Lognormal firing rate distribution reveals prominent fluctuation-driven regime in spinal motor networks

  1. Peter C Petersen
  2. Rune W Berg  Is a corresponding author
  1. University of Copenhagen, Denmark

Abstract

When spinal circuits generate rhythmic movements it is important that the neuronal activity remains within stable bounds to avoid saturation and to preserve responsiveness. Here, we simultaneously record from hundreds of neurons in lumbar spinal circuits of turtles and establish the neuronal fraction that operates within either a 'mean-driven' or a 'fluctuation-driven' regime. Fluctuation-driven neurons have a 'supralinear' input-output curve, which enhances sensitivity, whereas the mean-driven regime reduces sensitivity. We find a rich diversity of firing rates across the neuronal population as reflected in a lognormal distribution and demonstrate that half of the neurons spend at least 50% of the time in the 'fluctuation-driven' regime regardless of behavior. Because of the disparity in input-output properties for these two regimes, this fraction may reflect a fine trade-off between stability and sensitivity in order to maintain flexibility across behaviors.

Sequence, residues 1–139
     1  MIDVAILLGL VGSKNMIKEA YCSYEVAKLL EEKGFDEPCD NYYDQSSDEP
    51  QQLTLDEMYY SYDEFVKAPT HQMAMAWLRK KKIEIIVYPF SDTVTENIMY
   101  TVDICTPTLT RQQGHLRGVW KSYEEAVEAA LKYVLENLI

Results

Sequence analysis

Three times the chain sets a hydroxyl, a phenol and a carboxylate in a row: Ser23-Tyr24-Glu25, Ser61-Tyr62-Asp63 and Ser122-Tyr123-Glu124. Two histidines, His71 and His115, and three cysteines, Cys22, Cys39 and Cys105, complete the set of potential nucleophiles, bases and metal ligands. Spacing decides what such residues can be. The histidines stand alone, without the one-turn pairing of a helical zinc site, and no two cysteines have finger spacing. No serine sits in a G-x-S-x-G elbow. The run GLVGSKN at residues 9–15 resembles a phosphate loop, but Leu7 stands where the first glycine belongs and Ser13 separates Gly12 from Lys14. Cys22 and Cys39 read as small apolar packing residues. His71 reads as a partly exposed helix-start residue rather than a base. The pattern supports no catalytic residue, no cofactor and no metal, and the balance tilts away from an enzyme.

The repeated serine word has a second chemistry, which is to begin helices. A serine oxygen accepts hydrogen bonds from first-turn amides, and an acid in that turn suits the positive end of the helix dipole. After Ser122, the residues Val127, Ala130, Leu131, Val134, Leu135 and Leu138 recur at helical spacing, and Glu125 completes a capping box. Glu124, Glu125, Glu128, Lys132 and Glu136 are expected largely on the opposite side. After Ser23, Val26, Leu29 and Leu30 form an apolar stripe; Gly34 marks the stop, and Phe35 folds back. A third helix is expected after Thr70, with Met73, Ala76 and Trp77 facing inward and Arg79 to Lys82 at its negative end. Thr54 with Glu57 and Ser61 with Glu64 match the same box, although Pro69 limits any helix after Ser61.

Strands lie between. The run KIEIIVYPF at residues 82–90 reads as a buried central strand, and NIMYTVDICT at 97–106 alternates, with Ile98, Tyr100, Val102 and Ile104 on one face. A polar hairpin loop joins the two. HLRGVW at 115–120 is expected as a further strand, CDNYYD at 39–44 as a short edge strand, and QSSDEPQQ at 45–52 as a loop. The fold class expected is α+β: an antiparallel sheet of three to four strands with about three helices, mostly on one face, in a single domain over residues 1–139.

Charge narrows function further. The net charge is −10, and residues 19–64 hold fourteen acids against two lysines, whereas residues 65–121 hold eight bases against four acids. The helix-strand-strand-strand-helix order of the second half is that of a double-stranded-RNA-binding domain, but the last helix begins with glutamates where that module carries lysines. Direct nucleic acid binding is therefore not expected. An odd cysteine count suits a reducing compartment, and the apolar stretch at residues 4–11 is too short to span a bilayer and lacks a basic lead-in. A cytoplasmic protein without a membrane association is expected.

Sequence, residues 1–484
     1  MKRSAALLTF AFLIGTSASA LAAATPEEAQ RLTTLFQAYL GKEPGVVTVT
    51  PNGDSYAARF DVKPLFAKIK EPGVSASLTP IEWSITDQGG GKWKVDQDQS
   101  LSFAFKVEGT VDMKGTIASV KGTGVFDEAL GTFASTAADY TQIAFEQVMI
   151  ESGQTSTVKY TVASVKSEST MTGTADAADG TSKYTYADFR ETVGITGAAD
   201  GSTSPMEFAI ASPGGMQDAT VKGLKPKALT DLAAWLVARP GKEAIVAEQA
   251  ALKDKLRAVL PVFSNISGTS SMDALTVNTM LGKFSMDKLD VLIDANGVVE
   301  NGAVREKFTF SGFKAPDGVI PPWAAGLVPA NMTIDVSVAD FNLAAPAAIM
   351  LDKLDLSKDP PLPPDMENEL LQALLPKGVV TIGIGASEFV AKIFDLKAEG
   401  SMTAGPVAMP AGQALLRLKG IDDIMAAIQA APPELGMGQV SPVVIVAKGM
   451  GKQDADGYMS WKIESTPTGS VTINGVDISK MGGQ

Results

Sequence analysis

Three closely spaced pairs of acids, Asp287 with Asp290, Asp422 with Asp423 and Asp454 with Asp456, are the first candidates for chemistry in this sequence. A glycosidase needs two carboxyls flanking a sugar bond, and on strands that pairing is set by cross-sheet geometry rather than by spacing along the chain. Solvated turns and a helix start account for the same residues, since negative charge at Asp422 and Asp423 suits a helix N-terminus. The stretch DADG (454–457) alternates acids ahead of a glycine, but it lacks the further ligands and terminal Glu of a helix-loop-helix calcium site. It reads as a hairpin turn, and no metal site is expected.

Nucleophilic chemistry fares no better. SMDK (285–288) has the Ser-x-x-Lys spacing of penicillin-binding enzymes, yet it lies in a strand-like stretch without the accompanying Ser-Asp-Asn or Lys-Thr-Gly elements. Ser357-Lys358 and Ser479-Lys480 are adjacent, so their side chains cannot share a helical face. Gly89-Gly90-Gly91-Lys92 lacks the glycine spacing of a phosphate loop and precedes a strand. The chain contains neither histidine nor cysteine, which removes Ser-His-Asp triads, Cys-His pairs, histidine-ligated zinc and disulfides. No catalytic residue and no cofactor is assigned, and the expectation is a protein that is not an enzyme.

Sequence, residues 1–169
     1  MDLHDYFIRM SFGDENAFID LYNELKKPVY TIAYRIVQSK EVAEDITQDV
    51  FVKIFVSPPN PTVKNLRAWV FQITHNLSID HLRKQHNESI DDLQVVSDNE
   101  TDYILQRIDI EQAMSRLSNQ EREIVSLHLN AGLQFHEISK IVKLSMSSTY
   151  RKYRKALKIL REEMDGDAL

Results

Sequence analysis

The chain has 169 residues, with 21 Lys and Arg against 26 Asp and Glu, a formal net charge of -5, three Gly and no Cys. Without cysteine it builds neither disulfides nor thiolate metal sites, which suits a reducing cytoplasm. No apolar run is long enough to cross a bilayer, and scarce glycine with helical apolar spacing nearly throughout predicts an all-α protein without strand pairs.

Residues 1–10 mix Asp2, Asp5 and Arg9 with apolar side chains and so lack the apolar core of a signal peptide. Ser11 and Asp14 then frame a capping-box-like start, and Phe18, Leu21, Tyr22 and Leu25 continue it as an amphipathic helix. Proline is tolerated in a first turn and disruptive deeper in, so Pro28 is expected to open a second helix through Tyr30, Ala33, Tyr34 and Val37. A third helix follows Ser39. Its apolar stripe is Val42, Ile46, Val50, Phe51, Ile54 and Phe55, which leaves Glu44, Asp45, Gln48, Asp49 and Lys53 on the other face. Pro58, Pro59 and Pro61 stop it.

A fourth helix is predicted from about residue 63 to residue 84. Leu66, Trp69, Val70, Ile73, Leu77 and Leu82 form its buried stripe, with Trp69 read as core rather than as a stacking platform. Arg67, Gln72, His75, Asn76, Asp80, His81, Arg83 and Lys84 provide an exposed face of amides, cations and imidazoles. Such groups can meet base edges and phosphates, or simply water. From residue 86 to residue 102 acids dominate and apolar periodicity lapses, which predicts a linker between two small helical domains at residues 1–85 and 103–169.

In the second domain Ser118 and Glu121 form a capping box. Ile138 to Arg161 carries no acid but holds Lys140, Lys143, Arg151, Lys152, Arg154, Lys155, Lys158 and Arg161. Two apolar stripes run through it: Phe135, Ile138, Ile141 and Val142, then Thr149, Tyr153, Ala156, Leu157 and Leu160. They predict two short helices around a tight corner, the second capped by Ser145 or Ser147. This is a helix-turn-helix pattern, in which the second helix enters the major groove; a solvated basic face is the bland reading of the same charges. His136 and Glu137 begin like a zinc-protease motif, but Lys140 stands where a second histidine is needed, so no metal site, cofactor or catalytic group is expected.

Article and author information

Author details

  1. Peter C Petersen

    Department of Neuroscience and Pharmacology, Faculty of Health and Medical Sciences, University of Copenhagen, Copenhagen, Denmark
    Competing interests
    The authors declare that no competing interests exist.
  2. Rune W Berg

    Department of Neuroscience and Pharmacology, Faculty of Health and Medical Sciences, University of Copenhagen, Copenhagen, Denmark
    For correspondence
    runeb@sund.ku.dk
    Competing interests
    The authors declare that no competing interests exist.
    ORCID icon "This ORCID iD identifies the author of this article:" 0000-0001-6376-9368

Funding

Sundhed og Sygdom, Det Frie Forskningsråd

  • Rune W Berg

Novo Nordisk

  • Rune W Berg